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As Power is Restored, Many Question Response Time

Residents and officials are upset with long response times in restoring power

Wednesday, Nov. 7, 3:30 p.m.

JCP&L adjusted their estimate on Tuesday to reflect that all East Windsor residents will have power restored by Nov. 11, while Hightstown residents will see power restored by Nov. 11. The remaining 5 JCP&L customers in Cranbury will have power restored by Nov. 10

According to an East Windsor Township alert Wednesday morning, township officials continue communications throughout the day with JCP&L representatives seeking township power outage status and activity for those who remain without power. As of 2:30 p.m., East Windsor Mayor Janice Mironov said the township is aware of five homes still without power, which are currently being worked on.

The township reported this morning that JCP&L crews had been actively working at Dutch Neck Road and Drew Lane, and power has been restored to some homes in that area.

On Tuesday power was restored to most remaining affected areas on the west side of East Windsor, the township reports, including Dutch Neck Road, Dorchester Drive, Exeter Road, Jeffrey Lane, Debbie Lane and Buxton Drive. Power was also restored to a section of Brooktree Road and to 147 units in Brookwood Garden Apartments on Hickory Corner road.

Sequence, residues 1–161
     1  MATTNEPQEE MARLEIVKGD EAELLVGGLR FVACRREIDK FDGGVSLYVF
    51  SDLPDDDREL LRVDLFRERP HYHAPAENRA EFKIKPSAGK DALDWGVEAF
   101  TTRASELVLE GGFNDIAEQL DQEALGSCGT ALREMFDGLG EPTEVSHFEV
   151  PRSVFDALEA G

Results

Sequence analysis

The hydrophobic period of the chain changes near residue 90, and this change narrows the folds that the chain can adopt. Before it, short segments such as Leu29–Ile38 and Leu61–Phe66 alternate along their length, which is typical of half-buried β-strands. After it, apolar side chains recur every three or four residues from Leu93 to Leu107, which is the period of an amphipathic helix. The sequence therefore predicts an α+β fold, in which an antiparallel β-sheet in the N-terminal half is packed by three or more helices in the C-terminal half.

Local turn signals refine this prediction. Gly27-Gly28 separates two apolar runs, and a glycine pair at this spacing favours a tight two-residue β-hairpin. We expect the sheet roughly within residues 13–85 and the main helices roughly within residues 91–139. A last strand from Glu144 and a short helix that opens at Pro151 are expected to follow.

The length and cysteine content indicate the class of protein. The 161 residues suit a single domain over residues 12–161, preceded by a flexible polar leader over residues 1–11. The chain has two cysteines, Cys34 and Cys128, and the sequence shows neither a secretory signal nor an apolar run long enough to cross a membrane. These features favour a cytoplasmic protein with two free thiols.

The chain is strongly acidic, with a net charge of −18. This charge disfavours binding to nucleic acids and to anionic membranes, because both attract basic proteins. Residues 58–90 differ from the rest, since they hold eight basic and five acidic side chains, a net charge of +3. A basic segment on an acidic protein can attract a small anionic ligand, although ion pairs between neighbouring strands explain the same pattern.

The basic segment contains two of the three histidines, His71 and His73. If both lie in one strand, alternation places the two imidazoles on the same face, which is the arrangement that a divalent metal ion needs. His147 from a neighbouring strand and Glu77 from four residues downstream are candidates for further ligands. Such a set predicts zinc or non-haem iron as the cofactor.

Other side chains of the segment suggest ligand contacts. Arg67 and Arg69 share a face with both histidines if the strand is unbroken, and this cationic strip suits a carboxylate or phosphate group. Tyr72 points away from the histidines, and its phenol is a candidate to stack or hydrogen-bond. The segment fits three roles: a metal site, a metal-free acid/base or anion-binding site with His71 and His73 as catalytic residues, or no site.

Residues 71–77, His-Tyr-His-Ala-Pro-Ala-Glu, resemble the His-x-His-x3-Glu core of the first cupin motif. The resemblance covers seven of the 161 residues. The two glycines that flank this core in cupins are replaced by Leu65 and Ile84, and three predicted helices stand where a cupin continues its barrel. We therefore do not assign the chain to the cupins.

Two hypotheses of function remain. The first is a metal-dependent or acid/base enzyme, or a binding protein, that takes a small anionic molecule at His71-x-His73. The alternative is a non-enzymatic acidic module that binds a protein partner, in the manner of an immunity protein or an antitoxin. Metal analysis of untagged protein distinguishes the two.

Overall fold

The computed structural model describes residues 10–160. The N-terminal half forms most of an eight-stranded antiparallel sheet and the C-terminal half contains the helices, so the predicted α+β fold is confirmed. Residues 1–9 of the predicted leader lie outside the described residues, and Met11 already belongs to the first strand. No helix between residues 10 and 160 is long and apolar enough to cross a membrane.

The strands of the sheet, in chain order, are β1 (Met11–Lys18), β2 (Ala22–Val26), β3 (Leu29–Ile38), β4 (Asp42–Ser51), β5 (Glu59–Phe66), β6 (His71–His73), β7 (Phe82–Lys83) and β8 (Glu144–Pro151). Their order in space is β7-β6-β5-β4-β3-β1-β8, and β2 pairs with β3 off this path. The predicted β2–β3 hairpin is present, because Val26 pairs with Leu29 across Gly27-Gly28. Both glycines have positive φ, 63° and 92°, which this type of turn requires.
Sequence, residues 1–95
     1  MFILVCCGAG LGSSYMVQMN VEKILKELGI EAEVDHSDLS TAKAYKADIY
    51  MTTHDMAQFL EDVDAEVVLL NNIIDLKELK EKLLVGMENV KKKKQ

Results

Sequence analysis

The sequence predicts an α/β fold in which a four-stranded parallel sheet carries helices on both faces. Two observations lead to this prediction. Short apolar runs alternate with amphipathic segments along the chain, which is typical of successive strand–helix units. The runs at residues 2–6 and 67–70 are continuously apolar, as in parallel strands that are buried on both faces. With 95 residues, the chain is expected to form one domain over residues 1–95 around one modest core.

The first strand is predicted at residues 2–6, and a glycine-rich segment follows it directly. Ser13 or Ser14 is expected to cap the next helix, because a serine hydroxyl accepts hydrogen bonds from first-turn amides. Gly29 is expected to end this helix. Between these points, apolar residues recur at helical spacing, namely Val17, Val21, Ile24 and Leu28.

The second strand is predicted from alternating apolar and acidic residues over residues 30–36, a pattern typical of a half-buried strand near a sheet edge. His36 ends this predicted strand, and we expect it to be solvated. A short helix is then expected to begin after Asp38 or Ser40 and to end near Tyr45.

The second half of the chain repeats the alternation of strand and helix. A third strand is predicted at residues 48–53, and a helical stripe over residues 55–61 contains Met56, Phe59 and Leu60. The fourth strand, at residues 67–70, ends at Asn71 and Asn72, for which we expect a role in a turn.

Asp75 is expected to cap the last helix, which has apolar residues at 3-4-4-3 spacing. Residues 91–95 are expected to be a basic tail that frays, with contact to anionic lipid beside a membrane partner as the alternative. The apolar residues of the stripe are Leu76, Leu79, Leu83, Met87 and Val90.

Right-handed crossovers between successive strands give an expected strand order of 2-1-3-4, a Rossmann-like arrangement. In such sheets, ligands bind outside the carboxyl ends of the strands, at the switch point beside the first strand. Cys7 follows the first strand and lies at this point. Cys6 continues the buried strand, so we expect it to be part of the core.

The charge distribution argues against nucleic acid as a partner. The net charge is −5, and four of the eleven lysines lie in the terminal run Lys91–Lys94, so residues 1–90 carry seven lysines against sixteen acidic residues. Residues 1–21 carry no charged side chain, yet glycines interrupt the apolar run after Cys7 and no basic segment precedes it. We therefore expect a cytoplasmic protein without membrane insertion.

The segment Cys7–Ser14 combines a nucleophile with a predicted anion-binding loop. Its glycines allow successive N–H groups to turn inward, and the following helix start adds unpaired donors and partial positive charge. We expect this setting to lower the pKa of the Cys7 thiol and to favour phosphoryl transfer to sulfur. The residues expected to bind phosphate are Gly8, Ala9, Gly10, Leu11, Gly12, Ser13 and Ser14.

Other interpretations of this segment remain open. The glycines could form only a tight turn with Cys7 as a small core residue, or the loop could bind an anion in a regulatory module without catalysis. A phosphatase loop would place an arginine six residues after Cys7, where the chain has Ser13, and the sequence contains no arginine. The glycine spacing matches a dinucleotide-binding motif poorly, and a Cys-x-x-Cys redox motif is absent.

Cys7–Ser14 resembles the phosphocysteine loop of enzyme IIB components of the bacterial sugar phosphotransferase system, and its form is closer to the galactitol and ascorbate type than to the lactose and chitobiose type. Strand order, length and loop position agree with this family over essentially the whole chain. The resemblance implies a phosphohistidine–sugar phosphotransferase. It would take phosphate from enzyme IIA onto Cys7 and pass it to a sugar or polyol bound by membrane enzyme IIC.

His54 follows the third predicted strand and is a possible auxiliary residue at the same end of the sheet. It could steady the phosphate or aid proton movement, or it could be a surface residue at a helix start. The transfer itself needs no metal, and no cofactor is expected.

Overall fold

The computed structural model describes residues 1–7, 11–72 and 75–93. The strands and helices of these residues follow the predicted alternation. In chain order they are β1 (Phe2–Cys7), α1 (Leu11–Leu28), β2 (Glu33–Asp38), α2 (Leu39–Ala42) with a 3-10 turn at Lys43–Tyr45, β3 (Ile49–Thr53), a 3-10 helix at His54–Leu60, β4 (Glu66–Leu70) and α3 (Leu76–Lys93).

Since JCP&L does not provide specific customer locations to the township, East Windsor officials said they are seeking to identify all residents who remain without power and to determine the cause of the problem. The township asks all residents who remain without power or who are aware of homes without power to call 609-443-4000, ext. 214.

PSE&G provided updated their estimates for the remaining 142 Cranbury customers without power on Wednesday. They project to restore power to 26 customers on Wednesday, 25 customers on Thursday,  27 customers on Friday, and 41 customers on Saturday.

Power restoration crews may continue to work as long as winds are below 40 mph. Area weather reports for this afternoon into the evening from the national weather service predict winds between 20 and 28 mph, with possible wind gusts up to 47 mph.

President of JCP&L Don Lynch said today on a call with NJ 101.5 that the storm could slow restoration times. 

He said the company is restoring customers at the quickest rate possible.

Tuesday, Nov. 6, 4:30 p.m.

Areas of East Windsor, Hightstown, and Cranbury continue to see power restored, and the number of residents without power is slowly dwindling.